Subject: General Tech | November 2, 2014 - 10:13 PM | Scott Michaud
Tagged: microsoft, onedrive, skydrive, cloud storage, subscription service, subscription
I guess if you are going to take a hit on the enthusiasts by offering a 1TB tier, then you might as well just go all the way. Microsoft has been rolling out an unlimited tier to their various subscription products, starting with Office 365 Home, Personal, and University. OneDrive for Business customers, who are currently limited to 1TB of total storage, will be granted the unlimited tier, starting with "First Release" customers in 2015. It will probably arrive to "Standard Release" customers a couple of weeks later.
The 1TB tier was not around too long. It launched to several different subscriptions in late April, starting at $5 per user per month. Now, the current cheapest option is $7 per user per month, but it comes with a license of Office 365 Personal. Note that the first three tiers, Home, Personal, and University, are each non-commercial licenses. The rapid increase in capacity could mean either that the original initiative was very successful at wooing new customers, or the exact opposite of that. It is even possible that unlimited was the original intent, but they arrived there by way of a 1TB plan, either to shake up competitors, to double-up on media attention, or simply to dip a toe in. Basically, they could have done this for any reason under the sun. We have no idea.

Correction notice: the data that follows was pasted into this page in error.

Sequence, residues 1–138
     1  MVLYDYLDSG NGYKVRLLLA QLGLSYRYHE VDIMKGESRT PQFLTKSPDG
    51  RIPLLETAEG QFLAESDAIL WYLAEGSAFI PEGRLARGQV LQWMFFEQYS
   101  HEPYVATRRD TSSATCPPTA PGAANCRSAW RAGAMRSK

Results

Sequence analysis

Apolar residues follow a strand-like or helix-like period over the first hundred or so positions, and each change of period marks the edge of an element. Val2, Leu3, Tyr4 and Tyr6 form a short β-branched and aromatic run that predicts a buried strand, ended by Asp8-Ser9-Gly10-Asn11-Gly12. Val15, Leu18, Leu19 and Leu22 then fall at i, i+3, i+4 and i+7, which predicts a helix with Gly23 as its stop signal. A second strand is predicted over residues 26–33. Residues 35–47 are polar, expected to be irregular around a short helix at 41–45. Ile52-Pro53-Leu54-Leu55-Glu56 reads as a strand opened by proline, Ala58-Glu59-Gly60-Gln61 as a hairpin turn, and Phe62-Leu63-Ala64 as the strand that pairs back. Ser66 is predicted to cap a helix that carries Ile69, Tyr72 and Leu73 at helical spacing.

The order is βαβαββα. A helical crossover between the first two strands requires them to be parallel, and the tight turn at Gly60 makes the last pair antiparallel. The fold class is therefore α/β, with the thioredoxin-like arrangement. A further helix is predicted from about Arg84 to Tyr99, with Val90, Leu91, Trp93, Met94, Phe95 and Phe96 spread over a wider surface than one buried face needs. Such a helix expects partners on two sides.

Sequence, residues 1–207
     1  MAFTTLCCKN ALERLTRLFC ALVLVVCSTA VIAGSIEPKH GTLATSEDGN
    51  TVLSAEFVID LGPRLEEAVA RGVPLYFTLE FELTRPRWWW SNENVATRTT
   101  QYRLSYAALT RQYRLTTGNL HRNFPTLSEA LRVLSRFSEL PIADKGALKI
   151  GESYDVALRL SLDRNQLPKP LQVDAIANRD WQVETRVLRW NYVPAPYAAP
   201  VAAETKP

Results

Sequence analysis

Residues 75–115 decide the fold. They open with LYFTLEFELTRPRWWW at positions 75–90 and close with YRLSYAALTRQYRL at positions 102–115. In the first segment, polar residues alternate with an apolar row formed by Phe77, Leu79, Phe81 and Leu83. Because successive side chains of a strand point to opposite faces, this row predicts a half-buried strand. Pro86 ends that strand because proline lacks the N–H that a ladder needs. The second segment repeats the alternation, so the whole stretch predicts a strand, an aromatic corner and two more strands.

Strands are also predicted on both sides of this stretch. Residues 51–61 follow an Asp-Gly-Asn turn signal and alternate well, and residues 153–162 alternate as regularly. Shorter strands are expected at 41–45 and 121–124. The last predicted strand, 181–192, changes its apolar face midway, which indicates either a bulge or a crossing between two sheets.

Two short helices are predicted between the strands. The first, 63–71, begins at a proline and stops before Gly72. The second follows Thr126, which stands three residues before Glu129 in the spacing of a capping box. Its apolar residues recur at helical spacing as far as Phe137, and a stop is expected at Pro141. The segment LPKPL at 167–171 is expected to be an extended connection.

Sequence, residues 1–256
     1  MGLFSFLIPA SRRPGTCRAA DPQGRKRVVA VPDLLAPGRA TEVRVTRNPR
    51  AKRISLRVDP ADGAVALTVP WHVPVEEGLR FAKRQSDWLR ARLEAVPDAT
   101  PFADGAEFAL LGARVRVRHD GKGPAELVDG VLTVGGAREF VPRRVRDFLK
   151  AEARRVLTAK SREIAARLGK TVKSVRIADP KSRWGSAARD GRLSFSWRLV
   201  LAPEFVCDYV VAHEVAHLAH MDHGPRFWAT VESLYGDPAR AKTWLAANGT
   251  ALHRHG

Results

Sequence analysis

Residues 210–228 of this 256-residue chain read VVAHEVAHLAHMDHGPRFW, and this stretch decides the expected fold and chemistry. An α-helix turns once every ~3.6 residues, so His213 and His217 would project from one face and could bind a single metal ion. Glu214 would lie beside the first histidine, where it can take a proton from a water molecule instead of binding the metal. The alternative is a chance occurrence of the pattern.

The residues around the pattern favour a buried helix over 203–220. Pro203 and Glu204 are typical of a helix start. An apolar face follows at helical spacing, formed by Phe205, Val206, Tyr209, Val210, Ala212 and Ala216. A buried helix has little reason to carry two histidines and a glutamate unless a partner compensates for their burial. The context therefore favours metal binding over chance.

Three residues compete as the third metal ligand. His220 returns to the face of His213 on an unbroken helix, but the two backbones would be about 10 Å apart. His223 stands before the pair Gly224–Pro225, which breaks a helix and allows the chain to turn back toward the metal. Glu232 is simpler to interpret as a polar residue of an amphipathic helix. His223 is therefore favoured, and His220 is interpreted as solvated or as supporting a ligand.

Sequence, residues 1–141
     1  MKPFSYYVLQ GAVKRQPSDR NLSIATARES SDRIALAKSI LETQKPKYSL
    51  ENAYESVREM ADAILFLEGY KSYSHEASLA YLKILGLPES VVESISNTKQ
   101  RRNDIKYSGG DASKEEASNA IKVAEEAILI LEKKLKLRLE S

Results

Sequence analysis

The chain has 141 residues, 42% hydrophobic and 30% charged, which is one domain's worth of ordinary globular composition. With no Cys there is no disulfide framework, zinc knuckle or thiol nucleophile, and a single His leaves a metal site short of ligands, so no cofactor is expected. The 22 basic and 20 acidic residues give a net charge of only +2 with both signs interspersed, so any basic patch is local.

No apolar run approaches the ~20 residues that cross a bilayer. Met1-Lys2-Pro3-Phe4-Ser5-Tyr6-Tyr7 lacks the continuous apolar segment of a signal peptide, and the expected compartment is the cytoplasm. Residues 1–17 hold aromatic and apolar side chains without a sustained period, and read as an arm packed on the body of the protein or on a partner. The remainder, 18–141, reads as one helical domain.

Unlimited storage in OneDrive for Office 365 Personal, Home, and University is currently available, starting at $7 per user per month. OneDrive for Business customers will need to wait until 2015.
Subject: General Tech | October 23, 2014 - 12:34 PM | Jeremy Hellstrom
Tagged: bittorrent sync, cloud, dropbox, onedrive, google drive
BitTorrent is good for more than just downloading files of various natures, it has a tool called Sync which performs a similar task to solutions like Dropbox only more privately and apparently with more speed. From the graph below you can see that in at least one scenario BitTorrent Sync is significantly faster than other solutions when it is allowed free reign on your connection, you can limit the speed in the settings if time is not of the essence. What is also very important to note is that this is purely an encrypted client to client transfer, your files are never cached on a server for posterity or for 'quality assurance' as they are when you use the competitions software. That does mean both devices need to be powered on and on the network for this to work but for many the privacy would be worth the slightly less flexible operation. Check it out on Slashdot.